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Pancakes & VT maple syrup

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One of the things I love about living in New England is getting local maple syrup.  Right now we've got a jug of Grade B (my personal fave) from Butternut Mountain Farm in Morristown, VT.  We picked it up at Whole Foods, but what I really love is heading up to VT and buying it directly from the farm.  (If you're keen, the VT Maple Festival is April 25 - 27.)

blueberry pancakes.JPGGreat maple syrup deserves great pancakes -- and I've found the best pancake recipe in (where else?) the Best Recipe cookbook.  It's so amazing, you'll never even consider making pancakes from a mix again.

2 cups buttermilk (seriously, this is worth a trip to the store)
2 cups unbleached all-purpose flour (we use 1 cup all-purpose, 1 cup whole wheat)
2 Tablespoons sugar
2 teaspoons baking powder
1/2 teaspoon baking soda
1/2 teaspoon salt
1 large egg
3 Tablespoons unsalted butter, melted and cooled slightly
1-2 teaspoons vegetable oil

  1. Whisk the flour, sugar, baking powder, baking soda, and salt in a medium bowl to combine.
  2. Whisk the egg and melted butter into the milk until combined. Make a well in the center of the dry ingredients in the bowl; pour in the milk mixture and whisk very gently until just combined (a few lumps should remain). Do not overmix.
  3. Heat a 12-inch nonstick skillet over medium heat for 3 to 5 minutes; add 1 teaspoon oil and brush to coat the skillet bottom evenly. Pour 1/4 cup batter onto 3 spots on the skillet.  Cook the pancakes until large bubbles begin to appear, 1 1/2 - 2 minutes.  Using a thin, wide spatula, flip the pancakes and cook until golden brown on the second side, 1 1/2 - 2 minutes longer.  Serve immediately.  Repeat with the remaining batter, using the remaining vegetable oil only if necessary.

We've found that a combo of maple syrup + fruit is the ideal pancake topping.  Since fresh berries aren't in season yet, we pop a bag of frozen fruit (like cherries, raspberries, strawberries, or blueberries) out of the freezer when we start mixing and dip them in a bowl of warm water.  By the time the first pancakes are browning, the fruit has lost its frost.

Ok, the chocolate you're about to read about is admittedly sourced far, far away from New England.  But if you're going to eat chocolate (and you know you will), then you might as well get it from folks that source their beans directly from farmers and process them (the beans, not the farmers) locally.

And that's just what the proprietors of Taza Chocolate do:  "The Taza Chocolate mission is to bring chocolate eaters closer to the cocoa farmer by making minimally processed chocolate that passes directly from the farm, to us, to you. Since we source beans directly from farming communities and co-operatives, we can ensure that a fair price is paid for high quality cocoa beans. From there, we bring the beans to our chocolate studio in Somerville, Massachusetts and grind them into our delicious chocolate."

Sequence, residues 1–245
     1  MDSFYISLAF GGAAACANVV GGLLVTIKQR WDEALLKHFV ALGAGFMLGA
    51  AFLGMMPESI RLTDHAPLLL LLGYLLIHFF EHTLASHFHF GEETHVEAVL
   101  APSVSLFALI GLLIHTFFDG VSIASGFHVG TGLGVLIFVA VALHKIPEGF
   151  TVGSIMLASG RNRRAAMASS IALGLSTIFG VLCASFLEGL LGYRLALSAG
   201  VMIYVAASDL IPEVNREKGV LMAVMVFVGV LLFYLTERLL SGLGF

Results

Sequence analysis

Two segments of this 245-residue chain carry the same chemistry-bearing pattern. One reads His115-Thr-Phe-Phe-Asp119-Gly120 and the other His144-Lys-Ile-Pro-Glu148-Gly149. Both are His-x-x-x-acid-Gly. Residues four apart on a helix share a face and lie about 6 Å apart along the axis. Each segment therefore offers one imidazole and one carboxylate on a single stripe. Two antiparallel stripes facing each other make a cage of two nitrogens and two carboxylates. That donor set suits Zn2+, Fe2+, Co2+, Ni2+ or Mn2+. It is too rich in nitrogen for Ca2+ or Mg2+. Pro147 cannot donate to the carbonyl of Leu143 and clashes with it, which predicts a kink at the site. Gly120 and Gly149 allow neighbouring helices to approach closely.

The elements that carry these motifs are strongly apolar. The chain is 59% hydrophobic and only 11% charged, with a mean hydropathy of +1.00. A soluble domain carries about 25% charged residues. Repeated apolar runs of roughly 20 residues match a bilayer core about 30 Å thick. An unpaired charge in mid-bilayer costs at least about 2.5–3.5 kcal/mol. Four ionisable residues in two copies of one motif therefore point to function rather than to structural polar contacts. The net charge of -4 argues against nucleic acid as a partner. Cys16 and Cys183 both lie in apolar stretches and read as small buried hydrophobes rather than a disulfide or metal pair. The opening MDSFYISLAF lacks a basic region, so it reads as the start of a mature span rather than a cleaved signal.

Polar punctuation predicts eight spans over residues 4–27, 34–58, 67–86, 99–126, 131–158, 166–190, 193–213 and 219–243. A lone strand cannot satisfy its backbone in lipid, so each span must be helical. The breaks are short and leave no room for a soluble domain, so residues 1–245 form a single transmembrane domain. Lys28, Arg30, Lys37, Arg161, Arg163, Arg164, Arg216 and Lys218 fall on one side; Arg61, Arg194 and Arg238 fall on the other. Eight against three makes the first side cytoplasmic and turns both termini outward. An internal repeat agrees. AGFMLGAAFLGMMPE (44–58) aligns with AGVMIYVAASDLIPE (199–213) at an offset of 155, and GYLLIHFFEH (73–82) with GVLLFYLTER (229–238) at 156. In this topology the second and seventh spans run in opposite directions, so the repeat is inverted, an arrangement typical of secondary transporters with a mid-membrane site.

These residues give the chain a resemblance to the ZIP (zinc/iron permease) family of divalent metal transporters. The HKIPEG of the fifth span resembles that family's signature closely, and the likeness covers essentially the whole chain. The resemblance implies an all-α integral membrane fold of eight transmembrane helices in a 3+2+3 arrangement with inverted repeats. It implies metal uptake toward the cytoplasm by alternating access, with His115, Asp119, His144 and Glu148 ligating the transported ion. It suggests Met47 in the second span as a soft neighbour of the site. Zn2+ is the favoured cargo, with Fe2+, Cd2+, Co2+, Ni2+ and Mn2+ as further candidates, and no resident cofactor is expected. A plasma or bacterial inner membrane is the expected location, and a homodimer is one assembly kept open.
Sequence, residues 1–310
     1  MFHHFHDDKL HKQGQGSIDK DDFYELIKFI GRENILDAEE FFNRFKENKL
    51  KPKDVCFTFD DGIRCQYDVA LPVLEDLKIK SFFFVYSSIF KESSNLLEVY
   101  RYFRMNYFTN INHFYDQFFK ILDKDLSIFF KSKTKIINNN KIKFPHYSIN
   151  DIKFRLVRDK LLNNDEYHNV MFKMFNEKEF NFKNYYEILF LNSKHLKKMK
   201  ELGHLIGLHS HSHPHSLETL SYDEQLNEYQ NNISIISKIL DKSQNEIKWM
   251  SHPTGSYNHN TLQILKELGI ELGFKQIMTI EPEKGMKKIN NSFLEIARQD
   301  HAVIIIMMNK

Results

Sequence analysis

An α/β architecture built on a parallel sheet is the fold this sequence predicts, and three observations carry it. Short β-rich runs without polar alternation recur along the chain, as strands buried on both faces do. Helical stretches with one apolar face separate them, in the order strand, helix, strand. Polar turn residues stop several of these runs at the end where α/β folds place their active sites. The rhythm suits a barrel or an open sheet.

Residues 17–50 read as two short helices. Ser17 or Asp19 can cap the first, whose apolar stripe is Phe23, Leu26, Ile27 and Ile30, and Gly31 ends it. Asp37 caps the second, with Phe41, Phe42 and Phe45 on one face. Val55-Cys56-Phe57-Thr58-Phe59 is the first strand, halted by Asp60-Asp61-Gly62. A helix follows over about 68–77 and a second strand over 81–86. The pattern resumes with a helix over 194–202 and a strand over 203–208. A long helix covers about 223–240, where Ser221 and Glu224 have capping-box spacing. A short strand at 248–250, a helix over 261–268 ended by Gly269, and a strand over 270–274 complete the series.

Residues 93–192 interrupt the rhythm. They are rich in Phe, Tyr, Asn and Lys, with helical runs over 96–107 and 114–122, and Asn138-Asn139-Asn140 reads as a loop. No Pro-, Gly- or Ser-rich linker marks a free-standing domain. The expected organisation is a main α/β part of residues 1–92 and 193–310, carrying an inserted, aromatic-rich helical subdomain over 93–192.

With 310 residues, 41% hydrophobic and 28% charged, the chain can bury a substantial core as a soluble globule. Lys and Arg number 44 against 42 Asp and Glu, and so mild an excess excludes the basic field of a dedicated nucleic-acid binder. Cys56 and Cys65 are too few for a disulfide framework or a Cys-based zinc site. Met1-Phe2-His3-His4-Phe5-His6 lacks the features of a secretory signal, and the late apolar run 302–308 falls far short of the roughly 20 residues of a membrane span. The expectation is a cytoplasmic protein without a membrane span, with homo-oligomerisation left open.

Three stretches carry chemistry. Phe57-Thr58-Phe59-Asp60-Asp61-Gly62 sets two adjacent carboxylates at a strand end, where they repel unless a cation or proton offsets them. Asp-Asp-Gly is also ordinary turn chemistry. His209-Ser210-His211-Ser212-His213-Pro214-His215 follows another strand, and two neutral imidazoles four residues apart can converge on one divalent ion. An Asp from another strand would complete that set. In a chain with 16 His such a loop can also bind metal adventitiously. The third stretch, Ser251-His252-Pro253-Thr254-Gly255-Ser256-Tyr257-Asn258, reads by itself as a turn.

We found their Chocolate Mexicano at Bloc 11 Cafe in Union Square (Somerville, MA).   (And, a noteworthy aside: after a lifetime of being a skim milk drinker, I finally caved to 1% so that we could buy from Crescent Ridge.)

taza - raw.jpgThis is no ordinary chocolate -- it comes in a disk that you have to break apart into pie-shaped pieces to make hot cocoa.  Action shot:

taza - action.jpgAnd, being no ordinary chocolate, it wasn't a huge surprise that it made no ordinary cup of cocoa.  It's much less lighter in color than the normal cocoa we normally get, the sweetness is more subtle, and it has a hint of cinnamon.  On sip one, we weren't really sold -- but by sip three, we could never go back to our old stuff.  It was incredible.

taza - cooked.jpgIf you're up for an outing this weekend, stop by the Paper & Chocolate event on Saturday, February 9, from 1 - 6 pm at 561 Windsor Street in Somerville.  Taza is pairing up with the very talented Shelley of Albertine Press who will be selling her beautiful handmade cards, coasters, and calendars.

If you can't make it to Paper & Chocolate, you can also find Taza in plenty of other (mostly New England) retailers and online

Blue Moon sorbet

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I think that any sorbet crafter should be judged on their ability to harness the lemon -- and Blue Moon's Lemon Zest sorbet is one of the best I've had.  As its name suggests, there's actual lemon zest throughout and it's fabulously tart.  Other flavors like Blackberry Lime, Pear Ginger, and Grapefruit Campari were so tempting, but we in addition to the LZ we picked up some Peach Melba. 

blue moon sorbet.jpgHailing from Quechee, Vermont, Blue Moon sorbets have "no added flavoring or coloring -- the intense flavor and vivid color comes from the fruit itself."

We found ours at Formaggio Kitchen in Cambridge, but the Blue Moon website lists lots of places were you can get it throughout New England.


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